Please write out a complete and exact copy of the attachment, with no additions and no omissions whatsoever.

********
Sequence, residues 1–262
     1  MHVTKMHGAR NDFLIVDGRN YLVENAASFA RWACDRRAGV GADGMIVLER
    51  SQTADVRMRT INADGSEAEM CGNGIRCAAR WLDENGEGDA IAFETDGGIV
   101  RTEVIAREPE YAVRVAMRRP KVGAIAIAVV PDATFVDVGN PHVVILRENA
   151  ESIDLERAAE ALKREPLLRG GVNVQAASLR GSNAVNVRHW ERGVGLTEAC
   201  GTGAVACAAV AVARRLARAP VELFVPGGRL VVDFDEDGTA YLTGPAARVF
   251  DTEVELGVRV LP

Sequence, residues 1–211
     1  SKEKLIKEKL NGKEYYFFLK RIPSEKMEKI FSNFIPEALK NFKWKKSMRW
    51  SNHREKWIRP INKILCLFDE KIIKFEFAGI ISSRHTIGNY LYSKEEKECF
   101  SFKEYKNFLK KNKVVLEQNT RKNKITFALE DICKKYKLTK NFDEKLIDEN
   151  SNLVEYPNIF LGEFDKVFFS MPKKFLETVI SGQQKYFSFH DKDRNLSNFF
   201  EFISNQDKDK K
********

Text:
Sequence, residues 1–262
     1  MHVTKMHGAR NDFLIVDGRN YLVENAASFA RWACDRRAGV GADGMIVLER
    51  SQTADVRMRT INADGSEAEM CGNGIRCAAR WLDENGEGDA IAFETDGGIV
   101  RTEVIAREPE YAVRVAMRRP KVGAIAIAVV PDATFVDVGN PHVVILRENA
   151  ESIDLERAAE ALKREPLLRG GVNVQAASLR GSNAVNVRHW ERGVGLTEAC
   201  GTGAVACAAV AVARRLARAP VELFVPGGRL VVDFDEDGTA YLTGPAARVF
   251  DTEVELGVRV LP

Sequence, residues 1–211
     1  SKEKLIKEKL NGKEYYFFLK RIPSEKMEKI FSNFIPEALK NFKWKKSMRW
    51  SNHREKWIRP INKILCLFDE KIIKFEFAGI ISSRHTIGNY LYSKEEKECF
   101  SFKEYKNFLK KNKVVLEQNT RKNKITFALE DICKKYKLTK NFDEKLIDEN
   151  SNLVEYPNIF LGEFDKVFFS MPKKFLETVI SGQQKYFSFH DKDRNLSNFF
   201  EFISNQDKDK K